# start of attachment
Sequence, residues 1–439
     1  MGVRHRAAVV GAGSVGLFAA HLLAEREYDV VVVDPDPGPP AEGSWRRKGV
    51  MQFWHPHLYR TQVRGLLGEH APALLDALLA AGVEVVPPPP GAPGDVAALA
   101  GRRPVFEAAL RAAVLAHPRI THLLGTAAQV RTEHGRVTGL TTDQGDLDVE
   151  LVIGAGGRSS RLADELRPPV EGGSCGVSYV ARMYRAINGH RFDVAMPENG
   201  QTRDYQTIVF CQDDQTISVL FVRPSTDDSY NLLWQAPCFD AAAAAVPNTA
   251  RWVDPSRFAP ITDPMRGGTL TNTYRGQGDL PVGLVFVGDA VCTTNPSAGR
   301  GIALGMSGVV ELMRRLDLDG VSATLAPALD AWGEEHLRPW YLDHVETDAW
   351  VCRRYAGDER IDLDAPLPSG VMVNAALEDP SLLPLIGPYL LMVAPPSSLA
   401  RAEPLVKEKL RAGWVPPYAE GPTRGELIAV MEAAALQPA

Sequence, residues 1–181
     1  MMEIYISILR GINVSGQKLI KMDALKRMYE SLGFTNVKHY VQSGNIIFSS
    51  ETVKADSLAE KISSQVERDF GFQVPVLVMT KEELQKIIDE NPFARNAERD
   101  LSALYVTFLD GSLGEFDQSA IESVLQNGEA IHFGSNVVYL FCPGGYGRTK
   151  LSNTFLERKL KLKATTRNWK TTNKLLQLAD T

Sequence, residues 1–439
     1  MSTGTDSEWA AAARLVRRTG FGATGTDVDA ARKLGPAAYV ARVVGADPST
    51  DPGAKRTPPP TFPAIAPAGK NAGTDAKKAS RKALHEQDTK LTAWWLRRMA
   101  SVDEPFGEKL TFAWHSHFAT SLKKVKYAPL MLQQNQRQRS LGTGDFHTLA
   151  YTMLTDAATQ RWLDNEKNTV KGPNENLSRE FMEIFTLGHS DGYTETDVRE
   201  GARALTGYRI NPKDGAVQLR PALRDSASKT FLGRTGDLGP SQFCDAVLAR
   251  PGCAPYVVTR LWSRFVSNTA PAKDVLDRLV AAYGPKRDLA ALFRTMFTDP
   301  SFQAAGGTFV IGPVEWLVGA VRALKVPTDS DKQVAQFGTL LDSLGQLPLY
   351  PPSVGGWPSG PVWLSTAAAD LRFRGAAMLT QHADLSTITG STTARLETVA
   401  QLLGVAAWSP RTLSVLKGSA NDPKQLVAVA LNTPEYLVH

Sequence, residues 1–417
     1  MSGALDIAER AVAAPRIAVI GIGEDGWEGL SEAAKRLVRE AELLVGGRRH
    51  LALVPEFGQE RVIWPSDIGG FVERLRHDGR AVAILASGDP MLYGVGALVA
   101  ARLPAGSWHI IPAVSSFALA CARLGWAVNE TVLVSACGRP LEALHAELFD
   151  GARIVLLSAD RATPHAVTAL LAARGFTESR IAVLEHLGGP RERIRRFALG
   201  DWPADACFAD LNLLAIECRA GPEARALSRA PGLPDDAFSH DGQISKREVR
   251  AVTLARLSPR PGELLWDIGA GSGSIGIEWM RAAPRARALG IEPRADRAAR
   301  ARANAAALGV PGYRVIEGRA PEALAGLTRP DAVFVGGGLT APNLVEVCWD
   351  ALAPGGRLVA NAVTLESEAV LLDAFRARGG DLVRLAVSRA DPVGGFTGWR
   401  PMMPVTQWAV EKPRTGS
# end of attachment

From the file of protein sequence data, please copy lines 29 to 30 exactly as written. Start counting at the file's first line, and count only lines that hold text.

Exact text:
   101  ARLPAGSWHI IPAVSSFALA CARLGWAVNE TVLVSACGRP LEALHAELFD
   151  GARIVLLSAD RATPHAVTAL LAARGFTESR IAVLEHLGGP RERIRRFALG